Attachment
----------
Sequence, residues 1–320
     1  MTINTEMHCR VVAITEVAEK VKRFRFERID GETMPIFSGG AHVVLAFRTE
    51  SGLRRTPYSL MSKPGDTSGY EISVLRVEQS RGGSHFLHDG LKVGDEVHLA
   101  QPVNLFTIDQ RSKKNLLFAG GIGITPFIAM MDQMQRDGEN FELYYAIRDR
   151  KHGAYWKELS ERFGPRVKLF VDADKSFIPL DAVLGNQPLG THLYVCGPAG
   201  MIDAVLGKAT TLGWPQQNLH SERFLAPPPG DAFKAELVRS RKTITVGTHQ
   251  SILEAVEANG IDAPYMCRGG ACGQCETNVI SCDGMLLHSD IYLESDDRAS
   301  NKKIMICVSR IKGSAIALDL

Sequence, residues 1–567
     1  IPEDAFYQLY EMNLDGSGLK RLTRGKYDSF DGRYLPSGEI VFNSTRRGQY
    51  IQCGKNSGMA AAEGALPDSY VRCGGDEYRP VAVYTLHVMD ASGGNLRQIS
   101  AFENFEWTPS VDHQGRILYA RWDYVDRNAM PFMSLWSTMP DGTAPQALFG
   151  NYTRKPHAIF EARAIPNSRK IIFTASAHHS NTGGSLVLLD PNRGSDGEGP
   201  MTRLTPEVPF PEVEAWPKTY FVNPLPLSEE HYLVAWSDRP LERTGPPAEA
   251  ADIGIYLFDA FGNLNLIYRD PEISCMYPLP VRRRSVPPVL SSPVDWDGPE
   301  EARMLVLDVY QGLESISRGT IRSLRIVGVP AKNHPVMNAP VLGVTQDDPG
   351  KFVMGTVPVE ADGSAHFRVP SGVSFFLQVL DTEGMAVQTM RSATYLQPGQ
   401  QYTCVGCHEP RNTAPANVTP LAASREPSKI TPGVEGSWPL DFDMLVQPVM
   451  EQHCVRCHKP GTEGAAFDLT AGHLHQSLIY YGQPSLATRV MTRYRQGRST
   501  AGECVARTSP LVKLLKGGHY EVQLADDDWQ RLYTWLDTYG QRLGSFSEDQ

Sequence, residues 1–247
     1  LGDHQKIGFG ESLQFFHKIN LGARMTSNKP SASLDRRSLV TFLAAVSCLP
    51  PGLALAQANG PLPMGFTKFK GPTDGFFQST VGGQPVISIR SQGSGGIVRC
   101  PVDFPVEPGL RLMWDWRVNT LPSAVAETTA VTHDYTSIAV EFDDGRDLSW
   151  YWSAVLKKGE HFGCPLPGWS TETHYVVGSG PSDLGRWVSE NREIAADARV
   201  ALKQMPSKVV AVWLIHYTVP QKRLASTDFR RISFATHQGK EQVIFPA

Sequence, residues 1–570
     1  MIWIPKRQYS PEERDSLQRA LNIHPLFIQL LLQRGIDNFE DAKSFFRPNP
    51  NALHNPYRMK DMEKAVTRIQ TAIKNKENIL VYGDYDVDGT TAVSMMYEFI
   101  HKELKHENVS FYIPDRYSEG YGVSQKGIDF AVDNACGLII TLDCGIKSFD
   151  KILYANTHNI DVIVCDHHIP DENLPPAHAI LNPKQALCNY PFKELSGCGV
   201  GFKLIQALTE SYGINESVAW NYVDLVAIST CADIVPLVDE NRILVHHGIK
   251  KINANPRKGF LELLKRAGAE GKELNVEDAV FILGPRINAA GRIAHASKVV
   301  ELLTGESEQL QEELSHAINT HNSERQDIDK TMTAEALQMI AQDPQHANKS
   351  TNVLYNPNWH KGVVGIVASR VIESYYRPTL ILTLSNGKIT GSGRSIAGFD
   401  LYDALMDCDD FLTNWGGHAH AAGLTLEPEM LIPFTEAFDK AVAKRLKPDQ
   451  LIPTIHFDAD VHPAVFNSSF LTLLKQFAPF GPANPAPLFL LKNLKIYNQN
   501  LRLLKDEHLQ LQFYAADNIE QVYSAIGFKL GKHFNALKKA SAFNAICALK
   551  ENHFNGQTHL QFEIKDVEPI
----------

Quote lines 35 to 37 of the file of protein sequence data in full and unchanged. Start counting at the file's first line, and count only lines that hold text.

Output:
   351  TNVLYNPNWH KGVVGIVASR VIESYYRPTL ILTLSNGKIT GSGRSIAGFD
   401  LYDALMDCDD FLTNWGGHAH AAGLTLEPEM LIPFTEAFDK AVAKRLKPDQ
   451  LIPTIHFDAD VHPAVFNSSF LTLLKQFAPF GPANPAPLFL LKNLKIYNQN